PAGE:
The Symphony Strategy

I’m not sure if you know this but I interviewed some cool companies for our Marketing Calendar Product. One of those companies was the Nashville Symphony.
Recently I got a chance to sit down with them and learn more about their social media strategy; they’re one of the few symphonies in the world that has a social media staff.
The most interesting thing about their role is that is has nothing to do with sales. (You probably read more about that in my interview with Nissan and how they do their social media).
Their only goal is community engagement and involvement. And their metrics are all about comments, likes, questions, emails, discussions, followers and stuff like that. They truly want to be a community partner.
But that’s not why I wrote you today. I thought you’d be interested in seeing their “micro-social media” strategy. This is what they try to do every day. I thought it was fascinating:
Facebook:  No less than 1 post per day, no more than 3. They respond within one hour.  They use to manage their Facebook comments
Twitter: No more than 22 tweets per day, no less than 3. Respond within 15 minutes. They use Hootsuite to manage their tweets.
YouTube: A new :90 second video 2 times per week.
Tumblr: One post per department, per day (that’s amazing to me)
Instagram: Share Photos & Likes to Twitter
Email: No more than 2 emails per week to one address
That’s real strategy and thinking eh? Are you being that “on purpose” about your efforts? And was that cool or what? Come over to and chat it up!

The Problem with Marketing Calendars

marketing-calendar-problemsI opened up my email today and noticed quite a few people talking about marketing calendars. I even saw a few screen shots of people’s calendars that said things like:

Feb 1 Send email about chocolate
Feb 3 Upload chocolate blog post
Feb 5 Start promoting Reggies book

Some of the marketing calendar suggestions just made me chuckle.

Just because you put your to-do’s on a calendar doesn’t mean you have a strategy, doesn’t mean you understand your customer base and doesn’t mean you’re going to be any more successful tomorrow than you were yesterday.

A marketing calendar needs much more thought than putting to-do’s on paper. A strategy laid out and thought through lays out on a calendar quite nicely. It’s not as if you’re going to implement an entire strategy in one day, right? So don’t even begin to put one together until you understand these things: Continue reading “The Problem with Marketing Calendars”

Using Analytics to Fuel Your Marketing Calendar

Hopefully you’re using an analytics suite like Google Analytics to track your efforts. The information you get from these statistics enable you to make decisions, change your methods and better target your revenue sources. What most people don’t do however, is use their analytics to improve their marketing calendar strategy.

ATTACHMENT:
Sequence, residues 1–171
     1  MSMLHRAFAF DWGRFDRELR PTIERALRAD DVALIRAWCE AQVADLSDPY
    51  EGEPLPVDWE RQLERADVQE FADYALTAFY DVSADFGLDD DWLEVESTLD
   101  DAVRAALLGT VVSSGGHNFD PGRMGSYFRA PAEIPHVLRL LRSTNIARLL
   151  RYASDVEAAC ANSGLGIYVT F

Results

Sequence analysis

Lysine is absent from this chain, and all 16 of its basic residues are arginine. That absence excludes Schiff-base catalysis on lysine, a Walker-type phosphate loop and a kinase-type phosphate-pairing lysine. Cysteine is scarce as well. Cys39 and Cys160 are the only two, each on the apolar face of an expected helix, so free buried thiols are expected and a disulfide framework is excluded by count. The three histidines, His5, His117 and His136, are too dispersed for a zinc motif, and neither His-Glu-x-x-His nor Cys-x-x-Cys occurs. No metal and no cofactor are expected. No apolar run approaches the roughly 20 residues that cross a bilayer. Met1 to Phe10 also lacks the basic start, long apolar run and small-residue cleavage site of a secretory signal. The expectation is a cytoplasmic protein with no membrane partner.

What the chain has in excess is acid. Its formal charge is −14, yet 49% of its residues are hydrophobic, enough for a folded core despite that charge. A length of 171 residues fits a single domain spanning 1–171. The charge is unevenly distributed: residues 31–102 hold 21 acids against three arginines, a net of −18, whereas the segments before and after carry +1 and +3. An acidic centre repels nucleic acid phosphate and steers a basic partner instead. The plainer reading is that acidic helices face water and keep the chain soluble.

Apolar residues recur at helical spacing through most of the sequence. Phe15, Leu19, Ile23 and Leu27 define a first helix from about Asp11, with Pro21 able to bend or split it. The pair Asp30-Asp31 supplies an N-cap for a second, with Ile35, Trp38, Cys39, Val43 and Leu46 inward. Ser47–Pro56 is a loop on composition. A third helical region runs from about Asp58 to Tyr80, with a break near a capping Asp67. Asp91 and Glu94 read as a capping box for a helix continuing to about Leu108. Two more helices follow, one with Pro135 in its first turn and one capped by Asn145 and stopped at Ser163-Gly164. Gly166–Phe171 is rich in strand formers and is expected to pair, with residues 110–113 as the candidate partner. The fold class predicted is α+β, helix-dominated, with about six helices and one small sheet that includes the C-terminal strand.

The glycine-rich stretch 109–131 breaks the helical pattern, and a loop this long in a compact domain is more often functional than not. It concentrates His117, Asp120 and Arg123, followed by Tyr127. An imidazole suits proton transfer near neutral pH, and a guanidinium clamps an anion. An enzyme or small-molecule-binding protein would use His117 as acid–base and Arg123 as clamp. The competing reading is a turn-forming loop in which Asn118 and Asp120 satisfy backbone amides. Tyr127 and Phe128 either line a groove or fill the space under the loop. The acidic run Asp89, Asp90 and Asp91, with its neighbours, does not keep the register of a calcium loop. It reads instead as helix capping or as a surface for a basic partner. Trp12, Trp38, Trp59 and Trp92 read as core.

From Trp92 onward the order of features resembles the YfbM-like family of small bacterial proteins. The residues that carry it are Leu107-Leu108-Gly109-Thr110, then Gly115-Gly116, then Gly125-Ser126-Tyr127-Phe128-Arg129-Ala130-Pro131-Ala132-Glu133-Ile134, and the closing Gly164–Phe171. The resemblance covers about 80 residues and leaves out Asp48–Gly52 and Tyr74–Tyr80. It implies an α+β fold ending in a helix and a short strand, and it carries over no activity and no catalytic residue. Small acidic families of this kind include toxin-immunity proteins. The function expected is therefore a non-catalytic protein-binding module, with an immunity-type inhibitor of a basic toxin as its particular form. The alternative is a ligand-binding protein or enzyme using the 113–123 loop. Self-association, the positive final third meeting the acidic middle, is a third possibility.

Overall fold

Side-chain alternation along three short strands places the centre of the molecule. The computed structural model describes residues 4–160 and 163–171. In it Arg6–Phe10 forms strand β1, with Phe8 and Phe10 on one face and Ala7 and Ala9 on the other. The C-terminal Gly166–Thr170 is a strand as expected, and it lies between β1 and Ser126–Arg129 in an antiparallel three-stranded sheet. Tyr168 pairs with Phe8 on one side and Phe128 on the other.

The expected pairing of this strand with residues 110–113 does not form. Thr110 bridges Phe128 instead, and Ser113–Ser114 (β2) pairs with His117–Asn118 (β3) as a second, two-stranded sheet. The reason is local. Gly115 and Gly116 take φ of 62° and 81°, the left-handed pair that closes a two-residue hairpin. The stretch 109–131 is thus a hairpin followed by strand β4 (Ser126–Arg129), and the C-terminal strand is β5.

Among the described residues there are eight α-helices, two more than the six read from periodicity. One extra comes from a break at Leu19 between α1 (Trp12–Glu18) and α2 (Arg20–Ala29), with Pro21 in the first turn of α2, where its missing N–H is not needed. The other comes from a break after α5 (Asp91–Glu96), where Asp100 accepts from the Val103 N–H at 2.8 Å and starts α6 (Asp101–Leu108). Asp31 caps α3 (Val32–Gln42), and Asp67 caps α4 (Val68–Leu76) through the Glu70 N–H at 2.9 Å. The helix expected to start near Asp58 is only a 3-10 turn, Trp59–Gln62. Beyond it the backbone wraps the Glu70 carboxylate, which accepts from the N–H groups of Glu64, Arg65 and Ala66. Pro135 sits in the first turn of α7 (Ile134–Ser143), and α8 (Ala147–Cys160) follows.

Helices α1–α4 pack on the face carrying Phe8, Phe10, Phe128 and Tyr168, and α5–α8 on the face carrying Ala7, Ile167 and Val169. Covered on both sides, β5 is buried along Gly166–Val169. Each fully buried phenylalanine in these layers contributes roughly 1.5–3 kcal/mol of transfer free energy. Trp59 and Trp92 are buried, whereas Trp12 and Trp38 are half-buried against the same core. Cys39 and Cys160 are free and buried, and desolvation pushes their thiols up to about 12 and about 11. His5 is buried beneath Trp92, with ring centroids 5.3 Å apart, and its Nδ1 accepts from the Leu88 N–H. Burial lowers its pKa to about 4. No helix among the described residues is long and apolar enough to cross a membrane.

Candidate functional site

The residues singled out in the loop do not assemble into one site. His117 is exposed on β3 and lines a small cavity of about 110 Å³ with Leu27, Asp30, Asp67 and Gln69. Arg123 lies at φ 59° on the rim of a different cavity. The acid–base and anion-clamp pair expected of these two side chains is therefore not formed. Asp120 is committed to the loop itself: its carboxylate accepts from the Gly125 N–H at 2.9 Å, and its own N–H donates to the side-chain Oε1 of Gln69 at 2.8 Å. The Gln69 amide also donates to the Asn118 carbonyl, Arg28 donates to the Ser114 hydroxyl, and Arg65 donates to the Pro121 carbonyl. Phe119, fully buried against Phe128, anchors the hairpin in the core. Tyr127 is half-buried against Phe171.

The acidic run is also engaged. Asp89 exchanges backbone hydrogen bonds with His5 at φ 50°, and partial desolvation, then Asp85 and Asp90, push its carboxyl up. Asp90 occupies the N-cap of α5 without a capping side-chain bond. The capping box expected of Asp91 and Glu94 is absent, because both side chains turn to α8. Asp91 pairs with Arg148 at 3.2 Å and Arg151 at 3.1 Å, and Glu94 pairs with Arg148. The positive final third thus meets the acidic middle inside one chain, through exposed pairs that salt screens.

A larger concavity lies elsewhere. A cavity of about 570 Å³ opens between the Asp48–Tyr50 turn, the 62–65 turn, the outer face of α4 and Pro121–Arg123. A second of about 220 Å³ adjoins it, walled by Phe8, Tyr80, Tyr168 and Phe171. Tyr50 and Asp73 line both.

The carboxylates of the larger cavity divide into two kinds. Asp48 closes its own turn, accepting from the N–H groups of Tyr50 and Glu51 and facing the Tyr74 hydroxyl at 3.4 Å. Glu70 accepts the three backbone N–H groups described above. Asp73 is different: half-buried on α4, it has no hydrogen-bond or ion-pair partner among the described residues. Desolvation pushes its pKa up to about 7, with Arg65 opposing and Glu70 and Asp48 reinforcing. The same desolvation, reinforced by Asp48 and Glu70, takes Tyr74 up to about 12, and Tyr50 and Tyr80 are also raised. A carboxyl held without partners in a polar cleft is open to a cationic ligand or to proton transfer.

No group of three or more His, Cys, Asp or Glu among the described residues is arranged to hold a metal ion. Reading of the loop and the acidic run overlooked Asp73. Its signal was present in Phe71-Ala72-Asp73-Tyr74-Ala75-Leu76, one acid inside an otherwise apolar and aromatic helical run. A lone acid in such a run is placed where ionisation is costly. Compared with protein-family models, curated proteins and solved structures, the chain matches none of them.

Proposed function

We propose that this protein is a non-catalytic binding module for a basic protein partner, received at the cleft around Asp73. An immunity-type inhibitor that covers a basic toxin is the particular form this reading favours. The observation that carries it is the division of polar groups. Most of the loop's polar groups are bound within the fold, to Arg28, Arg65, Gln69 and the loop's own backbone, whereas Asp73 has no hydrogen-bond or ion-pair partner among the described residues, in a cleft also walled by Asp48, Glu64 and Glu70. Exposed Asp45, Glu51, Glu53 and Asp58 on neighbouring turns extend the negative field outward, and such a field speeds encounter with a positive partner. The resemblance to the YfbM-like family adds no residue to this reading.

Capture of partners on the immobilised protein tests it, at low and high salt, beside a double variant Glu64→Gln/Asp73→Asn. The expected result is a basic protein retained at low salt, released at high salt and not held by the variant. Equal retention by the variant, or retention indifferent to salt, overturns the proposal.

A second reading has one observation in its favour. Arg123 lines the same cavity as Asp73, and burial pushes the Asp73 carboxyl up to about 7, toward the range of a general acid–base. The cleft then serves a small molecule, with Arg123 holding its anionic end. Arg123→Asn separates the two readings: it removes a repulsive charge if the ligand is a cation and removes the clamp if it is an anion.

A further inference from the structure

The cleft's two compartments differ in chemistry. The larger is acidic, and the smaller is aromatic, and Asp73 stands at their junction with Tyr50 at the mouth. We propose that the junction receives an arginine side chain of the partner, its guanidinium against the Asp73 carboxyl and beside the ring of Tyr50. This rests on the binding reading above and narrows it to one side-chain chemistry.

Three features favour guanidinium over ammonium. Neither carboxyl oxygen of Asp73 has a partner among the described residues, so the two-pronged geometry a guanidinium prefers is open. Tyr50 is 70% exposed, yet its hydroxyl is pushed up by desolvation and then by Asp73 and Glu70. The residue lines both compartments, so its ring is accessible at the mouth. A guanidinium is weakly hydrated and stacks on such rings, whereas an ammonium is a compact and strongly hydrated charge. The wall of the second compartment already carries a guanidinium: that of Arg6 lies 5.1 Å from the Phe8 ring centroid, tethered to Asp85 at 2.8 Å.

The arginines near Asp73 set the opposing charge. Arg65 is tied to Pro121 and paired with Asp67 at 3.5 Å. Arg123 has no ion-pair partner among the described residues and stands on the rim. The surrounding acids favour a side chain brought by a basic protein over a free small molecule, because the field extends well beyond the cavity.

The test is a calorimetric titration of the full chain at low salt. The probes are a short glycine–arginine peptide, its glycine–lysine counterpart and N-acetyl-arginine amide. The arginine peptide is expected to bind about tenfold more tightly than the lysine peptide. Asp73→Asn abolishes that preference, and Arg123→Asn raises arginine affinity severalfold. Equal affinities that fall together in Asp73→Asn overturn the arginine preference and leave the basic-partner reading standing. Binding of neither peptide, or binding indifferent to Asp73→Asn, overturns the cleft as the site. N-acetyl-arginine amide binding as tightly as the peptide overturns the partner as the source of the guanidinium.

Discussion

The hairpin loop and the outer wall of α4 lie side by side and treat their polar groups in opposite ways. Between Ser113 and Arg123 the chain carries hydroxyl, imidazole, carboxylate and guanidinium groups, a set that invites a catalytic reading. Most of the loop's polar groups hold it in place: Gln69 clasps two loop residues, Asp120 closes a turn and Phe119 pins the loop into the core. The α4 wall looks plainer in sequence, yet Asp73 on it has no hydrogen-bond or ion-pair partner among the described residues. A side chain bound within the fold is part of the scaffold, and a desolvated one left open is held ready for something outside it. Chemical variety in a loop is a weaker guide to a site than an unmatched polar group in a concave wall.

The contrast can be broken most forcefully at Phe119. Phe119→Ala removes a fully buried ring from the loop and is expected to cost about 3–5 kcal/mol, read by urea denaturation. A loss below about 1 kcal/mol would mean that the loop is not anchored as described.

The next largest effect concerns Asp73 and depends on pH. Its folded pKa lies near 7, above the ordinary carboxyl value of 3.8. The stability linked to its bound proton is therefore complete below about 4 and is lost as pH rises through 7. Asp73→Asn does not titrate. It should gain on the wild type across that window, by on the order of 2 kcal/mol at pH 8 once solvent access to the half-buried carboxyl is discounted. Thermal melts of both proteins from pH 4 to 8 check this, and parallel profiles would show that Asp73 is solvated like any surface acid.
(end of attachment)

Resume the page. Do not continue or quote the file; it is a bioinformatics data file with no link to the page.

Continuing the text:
Let’s take Halloween for example. You’ve used Google Trends (among other ways) to figure out when your marketing should begin, you’ve used your keyword research tool to figure out what to write about, and you’ve used the AdWords Contextual Targeting Tool to help figure out how to structure your internal linking.AMPLIFY75

And then you’ve got Google Analytics (and to some degree WebmasterTools) to help you assess your progress. Well if you stop there, you’re only using half your resources. What you learn in your analytics package is how you begin putting together your marketing calendar in the first place. (it’s like a vicious circle) Continue reading “Using Analytics to Fuel Your Marketing Calendar”

Using Hashtags in your Marketing Plan

Are hashtags part of your annual marketing plan? Have you ever even considered doing something more proactive with them than just using your normal ones? If you spend any time preparing for holidays, seasons and events, then you should actively market with hashtags.

[stextbox id=”black”]In case you missed the memo, a hashtag is a set of characters used to organize content in social media. Typically a hashtag starts with the pound sign (#) and is followed by some characters. Since common English words don’t start with a pound sign, using a hashtag means you can easily search for content that contains that unique phrase. Both on Twitter and Instagram, for instance, you can click on the hashtag and find everything else using that tag.[/stextbox] Continue reading “Using Hashtags in your Marketing Plan”

A Marketing Calendar: More than holidays

Every December I see people peddling marketing calendars. Most of them are blank templates which I’ve always called a calendar. Others include lists of holidays to put on the calendar, and places for “important dates”. But planning your business is way more involved than labeling a few holidays.

While an editorial calendar is useful, it should be part of your overall plan – not THE plan. Whether you’re a scrapbooker, a service based business, a holiday decorations website or Nike – you need tie everything you know about marketing to a timeline from which you can plan your success. Assigning dates to your productivity makes you a ton more productive. Continue reading “A Marketing Calendar: More than holidays”